How a ‘Yummy’ is shaping his future by running

The author preparing to run: a feeling of bliss and positive thinking. TFLA photos

The author preparing to run: a feeling of bliss and positive thinking. TFLA photos

By Lawrence C. Ochoa

Editor’s note: Millennials, also known as the “Yummy” generation, whose ages range from 18 to 33 in 2014, are America’s most racially diverse generation with equally diversified directions. They are multi-taskers because they accessorize their lives with technical gadgets. They are prone to a healthy lifestyle. As an estimated 80 million consumers, the media bombard them with appealing products from gym membership, fitness inventions to green environmental choices. Our TFLA writer Lawrence Ochoa, 19, ponders on what motivates his generation to do what they do. And yes, why he runs.

Validation is a crucial aspect of a fulfilling life; in my own experiences, I seek out to accomplish some substantial feats, in order to build that self-confidence.

My academics are an essential part of my lifestyle; successful performance at the collegiate level boosts me to become a well-rounded individual. Along with a healthy and an engaged mind, I strive to have a physically conditioned body.

Exercise helps me achieve that ideal body, providing me with some of that validation. I’m proud to have put myself through the physical strain of hard workouts, to seize the results of my tribulations.

The harshness of the painful workout would only come second to the personal growth I would have. Among the exercises I do, running is one method of keeping myself in shape.

In my younger years, I had not been the most athletic or imposing figure in the sports I participated in (my basketball skills were pedestrian at best and my soccer even worse). As I had reached high school, my curiosity had been raised by the “Track and Field” team where earlier, I had seen track and field as a boring and tedious sport, and perceived that it had too much work, with little-to-no recognition or glory.

An impulse spurred me to participate in the Track-and-Field conditioning. It had been a difficult ordeal, leaving me gassed for some hydration and an even stronger thirst to quit.

However, as I had stuck through the first year, I had noticed some tangible results. I was able to compete in some major events for my team toward the end of the year, from the 1600 to the 3200 meter (mile to 2-mile, in common terms). I had ran respectable times, and even beaten some competitors, giving me some of that hard-earned validation I was seeking for. I saw some promise despite not winning the final races.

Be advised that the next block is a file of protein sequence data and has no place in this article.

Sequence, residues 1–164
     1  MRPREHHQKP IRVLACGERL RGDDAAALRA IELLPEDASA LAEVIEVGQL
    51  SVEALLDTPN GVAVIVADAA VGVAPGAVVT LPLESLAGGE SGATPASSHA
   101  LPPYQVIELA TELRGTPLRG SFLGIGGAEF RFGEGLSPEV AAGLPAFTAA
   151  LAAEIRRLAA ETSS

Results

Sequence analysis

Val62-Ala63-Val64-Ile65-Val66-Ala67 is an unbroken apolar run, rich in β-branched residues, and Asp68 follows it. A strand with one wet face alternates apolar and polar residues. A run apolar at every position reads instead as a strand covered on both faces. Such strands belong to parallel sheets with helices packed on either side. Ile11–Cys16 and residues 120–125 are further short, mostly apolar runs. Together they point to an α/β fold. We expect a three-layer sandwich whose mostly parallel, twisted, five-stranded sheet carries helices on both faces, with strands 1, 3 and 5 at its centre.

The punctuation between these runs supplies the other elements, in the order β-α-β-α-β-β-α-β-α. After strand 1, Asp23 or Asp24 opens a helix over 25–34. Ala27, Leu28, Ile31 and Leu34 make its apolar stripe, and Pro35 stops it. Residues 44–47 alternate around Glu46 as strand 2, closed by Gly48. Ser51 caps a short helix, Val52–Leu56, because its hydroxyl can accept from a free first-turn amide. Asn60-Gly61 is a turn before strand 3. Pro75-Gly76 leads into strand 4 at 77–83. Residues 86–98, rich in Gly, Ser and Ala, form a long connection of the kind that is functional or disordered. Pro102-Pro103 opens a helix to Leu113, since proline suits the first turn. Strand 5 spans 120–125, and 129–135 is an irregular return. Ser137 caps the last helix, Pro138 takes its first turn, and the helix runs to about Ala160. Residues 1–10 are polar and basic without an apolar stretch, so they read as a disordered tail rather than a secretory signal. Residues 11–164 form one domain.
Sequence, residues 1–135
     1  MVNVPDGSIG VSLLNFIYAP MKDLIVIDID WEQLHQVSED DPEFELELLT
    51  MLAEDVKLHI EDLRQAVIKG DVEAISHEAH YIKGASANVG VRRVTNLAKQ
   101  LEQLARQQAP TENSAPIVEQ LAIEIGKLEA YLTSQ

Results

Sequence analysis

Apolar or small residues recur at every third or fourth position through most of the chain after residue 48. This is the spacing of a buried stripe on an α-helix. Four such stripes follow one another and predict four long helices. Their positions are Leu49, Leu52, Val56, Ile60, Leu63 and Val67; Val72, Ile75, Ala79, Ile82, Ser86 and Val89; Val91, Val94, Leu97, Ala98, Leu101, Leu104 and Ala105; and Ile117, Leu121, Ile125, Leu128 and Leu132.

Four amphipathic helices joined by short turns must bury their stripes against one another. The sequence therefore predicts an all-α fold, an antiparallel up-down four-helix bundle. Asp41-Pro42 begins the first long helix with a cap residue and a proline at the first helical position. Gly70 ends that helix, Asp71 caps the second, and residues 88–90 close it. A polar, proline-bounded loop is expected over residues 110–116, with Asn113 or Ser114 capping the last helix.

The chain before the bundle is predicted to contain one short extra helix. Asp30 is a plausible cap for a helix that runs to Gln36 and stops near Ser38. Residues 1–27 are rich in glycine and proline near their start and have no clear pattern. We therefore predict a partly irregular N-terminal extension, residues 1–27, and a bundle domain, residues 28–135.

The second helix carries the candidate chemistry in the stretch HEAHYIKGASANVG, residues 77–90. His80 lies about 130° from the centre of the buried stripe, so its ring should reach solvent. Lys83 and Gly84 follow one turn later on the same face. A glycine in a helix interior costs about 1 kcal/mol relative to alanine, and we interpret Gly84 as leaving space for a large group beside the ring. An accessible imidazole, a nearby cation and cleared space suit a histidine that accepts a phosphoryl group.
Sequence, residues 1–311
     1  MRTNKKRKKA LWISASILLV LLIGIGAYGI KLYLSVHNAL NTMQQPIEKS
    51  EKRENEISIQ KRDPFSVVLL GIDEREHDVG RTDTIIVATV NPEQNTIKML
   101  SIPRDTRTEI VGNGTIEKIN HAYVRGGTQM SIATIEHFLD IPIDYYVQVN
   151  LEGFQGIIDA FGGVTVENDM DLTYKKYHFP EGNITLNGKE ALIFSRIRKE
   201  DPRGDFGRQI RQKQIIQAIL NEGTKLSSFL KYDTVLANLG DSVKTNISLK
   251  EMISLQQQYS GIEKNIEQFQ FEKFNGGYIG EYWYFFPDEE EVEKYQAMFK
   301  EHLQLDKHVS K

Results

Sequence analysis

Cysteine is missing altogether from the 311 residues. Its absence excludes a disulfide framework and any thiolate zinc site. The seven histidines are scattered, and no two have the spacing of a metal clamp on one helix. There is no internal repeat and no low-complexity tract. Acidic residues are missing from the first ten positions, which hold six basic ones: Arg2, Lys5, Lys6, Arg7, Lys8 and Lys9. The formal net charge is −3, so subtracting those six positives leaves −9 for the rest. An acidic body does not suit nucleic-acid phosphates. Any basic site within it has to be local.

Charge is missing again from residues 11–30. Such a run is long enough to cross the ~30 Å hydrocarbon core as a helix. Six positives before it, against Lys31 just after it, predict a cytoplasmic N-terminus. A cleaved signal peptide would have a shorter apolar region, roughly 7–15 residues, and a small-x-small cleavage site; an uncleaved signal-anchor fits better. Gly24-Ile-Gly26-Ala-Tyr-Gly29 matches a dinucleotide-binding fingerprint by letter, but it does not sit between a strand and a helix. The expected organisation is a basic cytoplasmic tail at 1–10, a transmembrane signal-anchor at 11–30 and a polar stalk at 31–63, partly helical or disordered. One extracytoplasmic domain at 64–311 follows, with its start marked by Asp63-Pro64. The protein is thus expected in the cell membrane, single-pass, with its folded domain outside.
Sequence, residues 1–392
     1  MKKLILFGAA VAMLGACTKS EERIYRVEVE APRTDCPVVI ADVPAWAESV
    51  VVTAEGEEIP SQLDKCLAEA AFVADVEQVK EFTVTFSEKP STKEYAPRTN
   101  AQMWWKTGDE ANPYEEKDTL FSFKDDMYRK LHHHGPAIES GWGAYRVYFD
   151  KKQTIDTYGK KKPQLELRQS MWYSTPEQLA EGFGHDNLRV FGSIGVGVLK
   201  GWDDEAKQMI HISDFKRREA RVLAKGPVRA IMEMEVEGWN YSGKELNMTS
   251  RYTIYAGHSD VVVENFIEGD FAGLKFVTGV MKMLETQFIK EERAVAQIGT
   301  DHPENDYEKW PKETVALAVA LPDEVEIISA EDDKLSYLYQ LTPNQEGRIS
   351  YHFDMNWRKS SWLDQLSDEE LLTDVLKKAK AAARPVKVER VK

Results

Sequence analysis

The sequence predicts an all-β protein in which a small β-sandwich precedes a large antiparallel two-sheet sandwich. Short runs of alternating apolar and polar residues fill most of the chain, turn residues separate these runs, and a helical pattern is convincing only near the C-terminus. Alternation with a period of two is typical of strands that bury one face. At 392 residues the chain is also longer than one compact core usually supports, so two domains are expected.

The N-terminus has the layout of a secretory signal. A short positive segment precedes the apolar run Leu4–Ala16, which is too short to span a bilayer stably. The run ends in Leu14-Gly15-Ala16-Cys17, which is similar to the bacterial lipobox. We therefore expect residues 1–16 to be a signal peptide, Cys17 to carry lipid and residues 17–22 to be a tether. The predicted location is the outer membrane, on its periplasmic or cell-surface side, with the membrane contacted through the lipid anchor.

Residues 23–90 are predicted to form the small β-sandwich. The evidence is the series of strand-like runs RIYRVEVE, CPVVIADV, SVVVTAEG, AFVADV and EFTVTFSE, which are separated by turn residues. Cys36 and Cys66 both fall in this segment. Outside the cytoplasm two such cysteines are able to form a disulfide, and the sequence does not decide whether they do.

Lawrence (right) finishes top 10 of his age group (18-24) in  this Month's 5k run sponsored by L.A. Marathon. His cousin Jeremy Ochoa  ran with him.

Lawrence (right) finishes top 10 of his age group (18-24) in
this Month’s 5k run sponsored by L.A. Marathon. His cousin Jeremy Ochoa
ran with him.

The off-season gave me some incentive to train myself finding hiking trails in the Santa Susana Mountains and other spots in the San Fernando Valley where I grew up. Through this extensive personal training, I had gained a liking to the idea of running competitively and in fact I discovered a physical sensation known as a “runners high.”

It’s received that moniker, as it provides the runner with a feeling of bliss and positive thinking. The sense of “runner’s high” motivated me to finish through a practice and a workout strongly, bringing my potential to unparalleled heights.

In essence, this runner’s high seems to be a by-product of an internal validation, as I appreciated my sustained growth. Without even feeling the fatigue (mentally, or physically) I sensed some substantial improvement.

During my competitive Track and Field career at Bishop Alemany High School (where I graduated from last year), I grew into the habit of having to maintain my conditioning. The company of my team mates brought unrivaled benefits, mostly a sense of belonging.

As a young adult, I feel proud that I have had a healthy lifestyle with my exercise, and that I’m deviating away from some unhealthy habits. Speaking of young adults, usually my age group has outlets of debauchery and impulsive partying; for myself I’m validated by physical exercise.

This month I competed at the L.A. Marathon-sponsored 5k run around the Dodger’s Stadium on Chavez Ravine. Being that this was my first competition since my high-school races, I felt anxiety from having to be in such a high-adrenaline event. As my race started, I felt a burst of speed; my body still had the familiarity of technique and effort coursing through my veins. My runner’s high.

I eventually finished among the top 10 of my age group (18-24), and 64th out of a total of 3,330 runners from all over the globe, mostly from California. This had stamped all of the hard-earned work that I had strived from those initial teenage years, and I hope to carry it beyond.

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